Why Punk?

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Greg Wadley (a punk) In 1976/77 a new musical movement swept the world. Much of this happened in the UK and USA without the support of the established music industry of the time, which mostly supported other artists and styles.

At the same time, it became more difficult for new bands to get signed to recording contracts. There was a widespread belief the music industry was run by "boring old farts" who wanted to preserve the industry for their own purposes. New music had no place in their schemes.

Brisbane's radical radio station 4ZZZ FM, then based at the University of Queensland, was the only one in Brisbane playing this punk music at that time, as the music was thought too subversive by the mainstream broadcasters.

It was even harder for musicians in Brisbane. Australia's recording industry was based in Sydney and Melbourne. They had their own punk music scenes developing. In order to get somewhere, many people left Brisbane for overseas, or to Sydney and Melbourne. It took courage and determination to stay in Brisbane.

Lots of young people were forming music groups in the late 1970's. But hey, just because a bunch of people form a group and learn to play a few songs doesn't mean anyone wants to know.

Let's face it, most punk bands could hardly play their instruments. In a live situation, originality was often valued far higher than technical ability.

It was hard to get gigs at the best venues. Often times it was easier to hire a hall instead.

When looking for gigs, it always helped to have a band recording to show organisers. Even a ratty old cassette tape of the band practicing sometimes got gigs.

Peace Rally Gig Extensive networking was involved in teaming up with other bands to make up the play-list for planned functions. Lots of alcohol etc was consumed in the process. Often equipment, or even players, were shared by bands on the night. It helped to be cooperative.

Many new bands were able to make use of newly affordable sound recording equipment to finance and distribute their own vinyl records or cassette tapes. A "do it yourself" mentality gave rise to many enthusiastic but appalling performances.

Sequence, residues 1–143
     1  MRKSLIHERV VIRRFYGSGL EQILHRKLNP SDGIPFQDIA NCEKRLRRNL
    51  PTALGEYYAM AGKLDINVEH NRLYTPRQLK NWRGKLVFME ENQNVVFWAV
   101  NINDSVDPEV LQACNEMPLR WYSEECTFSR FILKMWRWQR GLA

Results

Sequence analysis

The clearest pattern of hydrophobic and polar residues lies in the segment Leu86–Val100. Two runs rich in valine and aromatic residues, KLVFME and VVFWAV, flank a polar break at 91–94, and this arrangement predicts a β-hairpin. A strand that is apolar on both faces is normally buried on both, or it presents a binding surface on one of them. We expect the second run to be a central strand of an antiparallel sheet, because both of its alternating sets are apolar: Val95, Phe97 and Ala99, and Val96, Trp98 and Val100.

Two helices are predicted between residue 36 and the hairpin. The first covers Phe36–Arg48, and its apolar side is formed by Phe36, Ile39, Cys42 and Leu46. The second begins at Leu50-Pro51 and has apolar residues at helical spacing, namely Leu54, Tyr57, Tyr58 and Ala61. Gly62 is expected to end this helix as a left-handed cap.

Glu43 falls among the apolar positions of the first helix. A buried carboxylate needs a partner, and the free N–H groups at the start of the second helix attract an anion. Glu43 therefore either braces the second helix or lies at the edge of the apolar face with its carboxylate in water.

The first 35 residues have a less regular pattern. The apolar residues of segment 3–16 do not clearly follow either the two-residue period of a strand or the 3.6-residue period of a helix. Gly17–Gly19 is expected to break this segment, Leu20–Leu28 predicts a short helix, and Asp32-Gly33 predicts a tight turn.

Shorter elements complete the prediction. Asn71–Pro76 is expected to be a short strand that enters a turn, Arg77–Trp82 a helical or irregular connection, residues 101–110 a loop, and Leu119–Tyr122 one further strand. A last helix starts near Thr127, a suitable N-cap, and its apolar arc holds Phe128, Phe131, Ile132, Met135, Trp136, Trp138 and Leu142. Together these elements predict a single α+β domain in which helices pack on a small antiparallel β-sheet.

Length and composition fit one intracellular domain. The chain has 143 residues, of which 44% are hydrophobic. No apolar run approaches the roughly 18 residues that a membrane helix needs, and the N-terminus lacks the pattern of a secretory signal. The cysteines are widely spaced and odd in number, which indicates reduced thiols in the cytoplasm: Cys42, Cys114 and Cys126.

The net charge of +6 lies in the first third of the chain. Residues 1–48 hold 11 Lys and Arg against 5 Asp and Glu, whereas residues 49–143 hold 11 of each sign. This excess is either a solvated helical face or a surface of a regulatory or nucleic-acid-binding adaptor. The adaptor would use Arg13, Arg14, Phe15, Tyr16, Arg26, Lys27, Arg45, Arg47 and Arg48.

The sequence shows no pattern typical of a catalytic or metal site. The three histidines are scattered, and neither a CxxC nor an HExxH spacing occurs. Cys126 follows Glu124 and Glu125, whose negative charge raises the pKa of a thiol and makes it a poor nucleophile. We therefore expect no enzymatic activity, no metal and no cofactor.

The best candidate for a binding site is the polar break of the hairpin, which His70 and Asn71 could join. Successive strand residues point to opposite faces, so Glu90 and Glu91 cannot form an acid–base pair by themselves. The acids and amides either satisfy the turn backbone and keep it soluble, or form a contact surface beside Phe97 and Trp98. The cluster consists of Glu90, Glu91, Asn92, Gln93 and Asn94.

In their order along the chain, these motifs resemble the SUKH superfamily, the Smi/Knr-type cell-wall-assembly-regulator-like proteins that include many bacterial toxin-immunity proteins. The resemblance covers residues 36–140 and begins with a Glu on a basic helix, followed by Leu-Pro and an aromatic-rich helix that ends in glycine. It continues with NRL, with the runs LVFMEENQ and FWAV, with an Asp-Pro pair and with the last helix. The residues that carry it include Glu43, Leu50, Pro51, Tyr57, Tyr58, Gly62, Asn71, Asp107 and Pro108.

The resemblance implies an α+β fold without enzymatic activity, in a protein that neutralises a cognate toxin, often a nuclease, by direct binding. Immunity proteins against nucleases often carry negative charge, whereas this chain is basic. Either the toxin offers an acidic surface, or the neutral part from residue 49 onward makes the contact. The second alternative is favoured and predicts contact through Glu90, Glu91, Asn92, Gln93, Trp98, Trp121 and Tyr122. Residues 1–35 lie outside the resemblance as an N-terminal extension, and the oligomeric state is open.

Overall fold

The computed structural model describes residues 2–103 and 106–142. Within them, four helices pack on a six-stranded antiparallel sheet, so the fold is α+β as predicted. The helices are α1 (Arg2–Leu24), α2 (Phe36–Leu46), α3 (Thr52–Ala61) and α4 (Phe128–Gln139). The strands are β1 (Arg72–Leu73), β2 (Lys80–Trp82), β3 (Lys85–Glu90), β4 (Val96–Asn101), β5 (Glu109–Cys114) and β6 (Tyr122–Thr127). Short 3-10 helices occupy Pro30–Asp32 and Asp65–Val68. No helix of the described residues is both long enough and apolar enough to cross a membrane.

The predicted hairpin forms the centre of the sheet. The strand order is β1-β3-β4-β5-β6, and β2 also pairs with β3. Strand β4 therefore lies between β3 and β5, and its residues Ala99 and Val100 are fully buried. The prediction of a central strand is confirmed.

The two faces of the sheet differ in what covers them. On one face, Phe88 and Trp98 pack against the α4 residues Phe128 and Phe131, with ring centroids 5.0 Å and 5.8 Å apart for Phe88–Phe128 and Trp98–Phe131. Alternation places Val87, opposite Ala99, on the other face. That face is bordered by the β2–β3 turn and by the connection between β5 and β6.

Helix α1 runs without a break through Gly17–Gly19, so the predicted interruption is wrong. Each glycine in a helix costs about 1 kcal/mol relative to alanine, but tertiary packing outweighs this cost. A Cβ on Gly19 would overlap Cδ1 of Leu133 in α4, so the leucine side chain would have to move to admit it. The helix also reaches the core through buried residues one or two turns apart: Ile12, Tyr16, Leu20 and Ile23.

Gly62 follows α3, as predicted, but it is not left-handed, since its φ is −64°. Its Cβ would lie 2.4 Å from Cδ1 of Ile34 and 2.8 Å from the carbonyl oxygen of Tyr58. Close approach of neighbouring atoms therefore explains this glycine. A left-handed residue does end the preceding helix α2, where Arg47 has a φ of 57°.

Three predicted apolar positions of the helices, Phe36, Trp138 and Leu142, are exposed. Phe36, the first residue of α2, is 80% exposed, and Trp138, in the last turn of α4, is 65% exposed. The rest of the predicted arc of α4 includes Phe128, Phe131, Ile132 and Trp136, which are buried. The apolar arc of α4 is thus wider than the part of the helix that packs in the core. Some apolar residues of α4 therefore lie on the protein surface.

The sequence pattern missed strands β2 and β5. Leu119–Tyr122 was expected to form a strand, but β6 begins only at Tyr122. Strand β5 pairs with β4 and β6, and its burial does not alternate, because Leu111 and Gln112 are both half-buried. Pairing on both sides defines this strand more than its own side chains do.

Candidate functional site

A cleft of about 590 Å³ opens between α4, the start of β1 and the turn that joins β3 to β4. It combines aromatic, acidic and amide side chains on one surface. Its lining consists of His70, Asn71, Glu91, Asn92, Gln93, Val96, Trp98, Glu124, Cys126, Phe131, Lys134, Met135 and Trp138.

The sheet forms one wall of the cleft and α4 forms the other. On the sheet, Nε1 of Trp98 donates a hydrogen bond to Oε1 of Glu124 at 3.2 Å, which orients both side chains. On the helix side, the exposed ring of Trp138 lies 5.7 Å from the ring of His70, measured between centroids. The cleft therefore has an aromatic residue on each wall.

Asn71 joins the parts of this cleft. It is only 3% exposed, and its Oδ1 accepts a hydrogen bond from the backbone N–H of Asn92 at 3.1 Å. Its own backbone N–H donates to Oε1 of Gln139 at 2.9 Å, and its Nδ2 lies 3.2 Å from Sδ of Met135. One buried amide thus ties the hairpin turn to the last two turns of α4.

This didn't matter so much to a lot of the audience. They were also there to see their friends. Punk gigs were very social, with a chance to meet others with similar interests. The usual boy meets girl stuff went on too, of course.

Young musicians from all over Brisbane were forming their own music groups. Bedroom band practices must have bothered the neighbours in Sandgate, Goodna, Camp Hill, Coorparoo, Indooroopilly, and many other suburbs. Nearby cities of Ipswich and Gold Coast also had bands that played in Brisbane.

Young students coming to Brisbane from all over Queensland often became involved in the growing punk scene. College life wasn't supportive of noisy musical pursuits.

Eventually many people preferred to rent in Brisbane's inner city suburbs of Red Hill, Spring Hill, West End, Dutton Park, New Farm, and Toowong. This led to many creative young people living in close proximity.

Indooroopilly RSL Hall poster As always, choice of instrumentation was a big factor in forming the punk sound. Most bands had three, four, or five members. Some bands swapped instruments during performances.

Punk rock bands almost always used electrically amplified guitar, drums, bass, and vocals. Sometimes keyboards were added. Really adventurous types added horns or percussion instruments.

Cheap amplifiers cranked up really high gave a suitably distorted sound to guitars. Early fuzz-boxes were becoming affordable.

Since most of the aspiring musicians were young and broke, cheap or second hand instruments were the rule. Some workers were able to raise loans to get better equipment.

Some acts went as far as purchasing their own PA systems. Bands with their own PA's could play more easily, or organise their own gigs. In the end, bands with the best equipment usually got the best gigs.

Some really lucky bands (e.g. The Go Betweens) found rich benefactors and went overseas.

Others made no compromises to their art, and stayed "self funded", at home in Brisbane.

Capitalism at work again....

References

Out of the Unknown, 1988 Know Your Product Program of Events

Books

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Information provided by David Macpherson
Brisbane, Australia